Deborah Stang, Jill Hill, and Susan Angelo in a scene from The Madwoman of Chaillot, directed by Stephanie Shroyer, at A Noise Within.
Deborah Stang, Jill Hill, and Susan Angelo in a scene from The Madwoman of Chaillot, directed by Stephanie Shroyer, at A Noise Within.
(© Craig Schwartz)

French author Jean Giraudoux's classic comedy The Madwoman of Chaillot was written in 1943, while Germany occupied France, only for it to be first produced in December 1945 when the war had come to a halt. Yet in today's world, when fracking, contaminated water, and plutocracy flood the national headlines, the play seems ripped from our daily headlines. Unfortunately, A Noise Within misses the mark on making this production feel vital in our world thanks to chaotic staging and a weak opening scene that plagues the show's momentum.

In a small section of Paris, corrupt businessmen plan to rip apart the City of Light for its supposed seeping crude oil hidden in the sewers. These gluttons of power and money care not for the ramifications of sucking up the world's resources for their own gains and have utter contempt for the common man. Those they consider the dregs of society refuse to be destroyed, and under the guidance of the Madwoman of Chaillot (Deborah Strang), the singers, waiters, sewer men, lunatics, and lovers rise up to take down the corrupted.

Director Stephanie Shroyer realizes the urgency of Giraudoux's play based on the program notes paralleling the play's plot to the conflict between the Dakota Access Pipeline and Standing Rock Sioux Tribe, but her sloppy staging dispels the tension and the humor of the production. From the opening moment, to the climactic scene where the businessmen, vulture-like press, and wealthy old society women climb down to the sewers for their just desserts, Shroyer does not demand or receive uniformity from her cast. Like a ballet number, these scenes require exactness to succeed, but what the company delivers is a lazy commitment to movement that feels disjointed and different for every cast member. In other scenes, Shroyer clutters her staging to the point that it clouds the play's pertinent issues.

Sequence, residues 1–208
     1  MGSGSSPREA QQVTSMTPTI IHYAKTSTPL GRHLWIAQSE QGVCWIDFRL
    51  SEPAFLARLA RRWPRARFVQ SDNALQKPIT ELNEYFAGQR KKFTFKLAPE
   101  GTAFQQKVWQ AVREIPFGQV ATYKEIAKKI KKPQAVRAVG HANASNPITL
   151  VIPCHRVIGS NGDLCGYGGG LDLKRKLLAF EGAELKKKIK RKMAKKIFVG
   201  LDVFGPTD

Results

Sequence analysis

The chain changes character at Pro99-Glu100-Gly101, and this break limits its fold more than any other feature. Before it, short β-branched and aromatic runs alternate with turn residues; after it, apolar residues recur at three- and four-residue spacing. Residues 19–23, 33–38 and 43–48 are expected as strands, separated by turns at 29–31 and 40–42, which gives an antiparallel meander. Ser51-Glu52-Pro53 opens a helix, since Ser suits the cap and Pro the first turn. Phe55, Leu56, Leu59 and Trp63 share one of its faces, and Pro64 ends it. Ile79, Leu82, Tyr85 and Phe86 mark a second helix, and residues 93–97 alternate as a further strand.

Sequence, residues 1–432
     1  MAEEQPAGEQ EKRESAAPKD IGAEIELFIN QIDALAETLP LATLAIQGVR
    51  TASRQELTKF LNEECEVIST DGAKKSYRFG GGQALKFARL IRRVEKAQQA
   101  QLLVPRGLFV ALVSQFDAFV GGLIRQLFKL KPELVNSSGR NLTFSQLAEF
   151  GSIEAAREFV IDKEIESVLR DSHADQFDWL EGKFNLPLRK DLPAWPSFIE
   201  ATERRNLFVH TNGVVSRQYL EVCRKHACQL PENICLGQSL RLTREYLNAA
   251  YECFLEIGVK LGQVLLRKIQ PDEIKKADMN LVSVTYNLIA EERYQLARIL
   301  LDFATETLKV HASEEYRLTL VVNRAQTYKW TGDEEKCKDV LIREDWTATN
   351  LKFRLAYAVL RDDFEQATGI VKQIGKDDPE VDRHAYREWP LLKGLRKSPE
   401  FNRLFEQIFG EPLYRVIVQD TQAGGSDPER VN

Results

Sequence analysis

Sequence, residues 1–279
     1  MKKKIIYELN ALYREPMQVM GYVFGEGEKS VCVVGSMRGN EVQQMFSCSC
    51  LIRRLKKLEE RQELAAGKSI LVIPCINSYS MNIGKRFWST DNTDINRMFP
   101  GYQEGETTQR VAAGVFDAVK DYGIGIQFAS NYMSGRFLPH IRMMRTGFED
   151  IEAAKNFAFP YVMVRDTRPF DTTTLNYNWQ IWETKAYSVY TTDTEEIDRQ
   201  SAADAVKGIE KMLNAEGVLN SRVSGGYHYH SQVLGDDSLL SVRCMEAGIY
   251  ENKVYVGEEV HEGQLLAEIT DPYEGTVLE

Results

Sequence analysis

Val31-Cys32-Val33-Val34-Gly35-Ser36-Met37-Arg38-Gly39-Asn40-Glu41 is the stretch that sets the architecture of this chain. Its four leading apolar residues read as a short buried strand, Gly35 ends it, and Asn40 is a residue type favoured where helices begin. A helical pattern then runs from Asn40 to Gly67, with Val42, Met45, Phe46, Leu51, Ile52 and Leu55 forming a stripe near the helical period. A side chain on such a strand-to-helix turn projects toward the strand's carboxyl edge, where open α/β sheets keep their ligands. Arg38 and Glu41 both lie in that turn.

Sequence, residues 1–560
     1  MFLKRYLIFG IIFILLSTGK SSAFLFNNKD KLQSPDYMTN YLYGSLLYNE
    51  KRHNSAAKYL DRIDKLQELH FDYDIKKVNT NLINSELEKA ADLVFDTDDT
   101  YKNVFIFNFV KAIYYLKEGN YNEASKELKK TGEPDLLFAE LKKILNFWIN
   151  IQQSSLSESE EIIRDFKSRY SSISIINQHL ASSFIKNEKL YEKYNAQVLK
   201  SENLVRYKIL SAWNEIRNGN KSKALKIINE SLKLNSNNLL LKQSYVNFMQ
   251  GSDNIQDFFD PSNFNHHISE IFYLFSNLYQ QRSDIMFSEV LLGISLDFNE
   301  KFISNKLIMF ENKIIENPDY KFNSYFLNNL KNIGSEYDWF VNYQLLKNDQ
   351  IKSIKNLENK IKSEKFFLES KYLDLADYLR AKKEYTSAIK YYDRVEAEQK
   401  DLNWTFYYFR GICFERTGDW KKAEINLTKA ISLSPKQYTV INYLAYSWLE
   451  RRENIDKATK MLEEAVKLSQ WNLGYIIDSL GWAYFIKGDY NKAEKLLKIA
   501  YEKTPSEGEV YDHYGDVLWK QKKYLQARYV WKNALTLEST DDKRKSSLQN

Thankfully, the performances are this production's great attributes. Strang is quirky and bombastic as Countess Aurelia, the self-appointed mayor of the ordinaries. Her spirited tone brings the most laughs and tenderness. Equally daffy are the three other madwomen, Mme. Constance (Susan Angelo), Mme. Gabrielle (Jill Hill), and Mme. Josephine (Veralyn Jones). As they banter on about being jilted by imaginary friends or ignored by someone else's voices in their head, it's clear the actresses have found nobility in their characters' insanity.

The weakest performance sadly comes from the President (performed by understudy Michael Uribes the night I attended), whose stilted and passionless opening monologue brings down the first several minutes of the play, forcing the outstandingly malevolent Armin Shimerman, as the ruthless prospector, and Strang to pull the show's momentum up by its bootstraps. Shimerman hits all right notes as the menacing villain who is cruel to the marginalized but falsely polite to the police. As the lovers, Rafael Goldstein and Leslie Lank are a darling set. Stephen Weingartner, who plays both the Sergeant and Sewer Man, creates characters that enhance the play's charm.

The costumes by Angela Balogh Calin are a treat to the eye, appropriately over-frilly for the madwomen, understatedly bohemian for the youths, and stiffly suited for the villains. Calin's wood-planked set transforms between a café and an apartment basement seamlessly, without the use of backdrops or scrims.

The world these days desperately needs a Madwoman to refresh the 21st century from its hypocrisy and hostilities. This production of The Madwoman of Chaillot at A Noise Within could have been a beacon, but instead feels merely like a footnote.